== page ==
M&V reports can be helpful if customers seek to benefit from utility rebate programs. Rebates are generally available throughout the United States, with eligibility tied to use of energy-saving products like insulation or LED lighting. They can take the form of direct cash back or rate reductions, depending on the utility. A report showing BTUs/therms saved can help customers build on the ROI they already realize from insulation saving them money in energy bills and more efficient processes. Imagine how much $.25 to $3.00/therm saved could add up for a manufacturing plant going from uninsulated pipes and components to one fully insulated? And the higher the process temperatures, the greater the savings.

According to Kovacs, “our industry is really selling performance, not insulation.” He shared the story of customers whose systems’ process efficiency were so greatly improved that they were able to shut down boilers that were simply unnecessary. Add to that substantial carbon-emissions reduction, and it takes performance to a whole new level.

Mechanical Insulation May Be the Ultimate Green Technology

Mechanical insulation is an inherently green technology, among the few manufactured products that save more energy than it takes to produce. When properly specified, installed, and maintained, it can be expected to reliably perform for decades—from 15 to 50 years, depending on type and application. A 2009 article in Insulation Outlook by Christopher P. Crall declared “Insulation: Greener than Trees!”10 Crall compared the reduction in CO2 emissions from insulating processes at a chemical facility (see original article at for specifics on system components, process temperature and other KPIs, etc.) to the number of trees one would need to plant to achieve the same results. If the world outside the mechanical insulation industry was not yet ready to appreciate the weight of his message in 2009, it certainly resonates today.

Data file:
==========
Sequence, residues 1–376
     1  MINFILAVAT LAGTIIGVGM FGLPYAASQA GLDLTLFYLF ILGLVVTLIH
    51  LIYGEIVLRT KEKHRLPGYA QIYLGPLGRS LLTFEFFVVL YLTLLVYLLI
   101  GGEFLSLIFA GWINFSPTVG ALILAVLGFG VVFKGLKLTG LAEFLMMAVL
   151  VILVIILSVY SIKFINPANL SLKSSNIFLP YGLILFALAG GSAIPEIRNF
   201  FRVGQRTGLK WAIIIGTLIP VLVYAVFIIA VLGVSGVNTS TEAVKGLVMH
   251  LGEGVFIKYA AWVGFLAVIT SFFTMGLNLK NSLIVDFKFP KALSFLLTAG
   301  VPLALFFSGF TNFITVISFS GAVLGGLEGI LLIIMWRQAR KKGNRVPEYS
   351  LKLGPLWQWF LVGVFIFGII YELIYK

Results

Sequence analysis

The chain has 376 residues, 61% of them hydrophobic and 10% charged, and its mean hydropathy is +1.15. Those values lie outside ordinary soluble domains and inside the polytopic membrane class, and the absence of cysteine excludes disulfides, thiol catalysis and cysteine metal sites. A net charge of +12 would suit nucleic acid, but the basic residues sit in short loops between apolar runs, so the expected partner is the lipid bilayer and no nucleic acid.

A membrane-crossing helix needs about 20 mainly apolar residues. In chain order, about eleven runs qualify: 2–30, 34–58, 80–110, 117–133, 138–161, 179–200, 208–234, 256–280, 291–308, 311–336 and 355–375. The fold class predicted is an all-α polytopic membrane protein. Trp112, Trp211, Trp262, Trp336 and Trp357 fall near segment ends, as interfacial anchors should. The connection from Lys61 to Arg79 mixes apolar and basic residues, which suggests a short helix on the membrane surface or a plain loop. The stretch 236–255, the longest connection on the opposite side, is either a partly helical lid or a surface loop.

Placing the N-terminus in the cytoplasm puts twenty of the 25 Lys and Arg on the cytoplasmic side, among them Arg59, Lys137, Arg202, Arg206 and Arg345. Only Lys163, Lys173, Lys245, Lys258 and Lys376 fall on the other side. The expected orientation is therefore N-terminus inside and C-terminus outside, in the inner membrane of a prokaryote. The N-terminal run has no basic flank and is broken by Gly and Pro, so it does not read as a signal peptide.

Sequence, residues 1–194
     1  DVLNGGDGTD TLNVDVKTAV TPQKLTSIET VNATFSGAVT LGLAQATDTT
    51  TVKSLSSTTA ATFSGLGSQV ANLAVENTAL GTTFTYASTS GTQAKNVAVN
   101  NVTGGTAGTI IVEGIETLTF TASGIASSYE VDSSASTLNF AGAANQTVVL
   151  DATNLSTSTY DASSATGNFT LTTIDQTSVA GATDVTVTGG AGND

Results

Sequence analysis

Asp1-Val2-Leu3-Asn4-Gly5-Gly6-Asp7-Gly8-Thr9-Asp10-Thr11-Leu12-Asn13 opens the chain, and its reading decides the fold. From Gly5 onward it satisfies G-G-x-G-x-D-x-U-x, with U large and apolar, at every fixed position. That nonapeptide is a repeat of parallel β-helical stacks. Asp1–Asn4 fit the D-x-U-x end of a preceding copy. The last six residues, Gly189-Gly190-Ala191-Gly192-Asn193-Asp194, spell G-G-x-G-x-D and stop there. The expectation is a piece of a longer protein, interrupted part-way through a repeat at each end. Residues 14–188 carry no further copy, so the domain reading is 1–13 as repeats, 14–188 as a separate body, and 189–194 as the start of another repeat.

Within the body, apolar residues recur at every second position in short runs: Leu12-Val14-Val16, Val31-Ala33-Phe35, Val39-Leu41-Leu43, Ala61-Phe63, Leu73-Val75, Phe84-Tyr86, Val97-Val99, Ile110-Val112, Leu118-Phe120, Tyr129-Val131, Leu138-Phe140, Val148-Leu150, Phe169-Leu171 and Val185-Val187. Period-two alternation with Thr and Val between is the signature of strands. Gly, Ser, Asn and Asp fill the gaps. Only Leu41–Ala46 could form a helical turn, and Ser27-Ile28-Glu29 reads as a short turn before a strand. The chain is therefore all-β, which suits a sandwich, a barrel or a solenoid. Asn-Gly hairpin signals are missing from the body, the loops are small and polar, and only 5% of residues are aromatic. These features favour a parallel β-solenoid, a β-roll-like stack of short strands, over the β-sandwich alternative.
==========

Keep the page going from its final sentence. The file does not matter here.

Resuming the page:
Frank Kovacs notes that sustainability goes deeper than reducing emissions. Mechanical insulation has the ability to improve quality of life, health, and safety by protecting workers from dangerously hot or cold surfaces; help maintain consistent and comfortable temperatures throughout buildings; and shield building occupants, as well as people who live and work near noisy facilities, from high noise levels.

Protecting the environment, preserving and enhancing human health and safety, saving money—with results that are quantifiable—mechanical insulation should be part of everyone’s sustainability plan.

1. United Nations Environment Programme (2021). “2021 Global Status Report for Buildings and Construction: Towards a Zero-emission, Efficient and Resilient Buildings and Construction Sector.” Nairobi. Accessed at
2. Fortune Business Insights, “Green Technology and Sustainability Market Size, Share & COVID-19 Impact Analysis, By Component (Solutions, Services), By Industry (Air and Water Pollution Monitoring, Carbon Footprint Management, Crop Monitoring, Fire Detection, Forest Monitoring, Green Building, Soil Condition/Moisture Monitoring, Sustainable Mining and Eploratio, Water Management, Weather Monitoring and Forecasting, and Others), ad Regional Forecast, 2022–2029,” accessed at
3. Allied Market Research, “Green Building Materials Market by Product Type (Exterior Products, Interior Products, Building Systems, Solar Products, and Others) and Application (Residential Buildings and Non-Residential Buildings): Global Opportunity Analysis and Industry Forecast, 2021–2030,” accessed at
4. EPA (2022), “Inventory of U.S. Greenhouse Gas Emissions and Sinks: 1990-2020,” U.S. Environmental Protection Agency, EPA 430-R-22-003; accessed at
5. “Climate Action Platform—How the World Economic Forum Is Driving Climate Action,” World Economic Forum, July 2021, page 2, accessed at
6. Ann Hennigan, “State of the Industry: A Carbon Message Everyone Should Copy,” Insulation Outlook, March 1, 2022, accessed at
7. “An Under-the-Radar Approach to Sustainability,” January 7, 2022, Shanon Global Energy Solutions’ Shannon Blog, accessed at
8. Shannon Global Energy Solutions, accessed at
9. Shannon Global Energy Solutions, accessed
10. Christopher P. Crall, “Insulation: Greener than Trees!”, Insulation Outlook, January 1, 2009, accessed at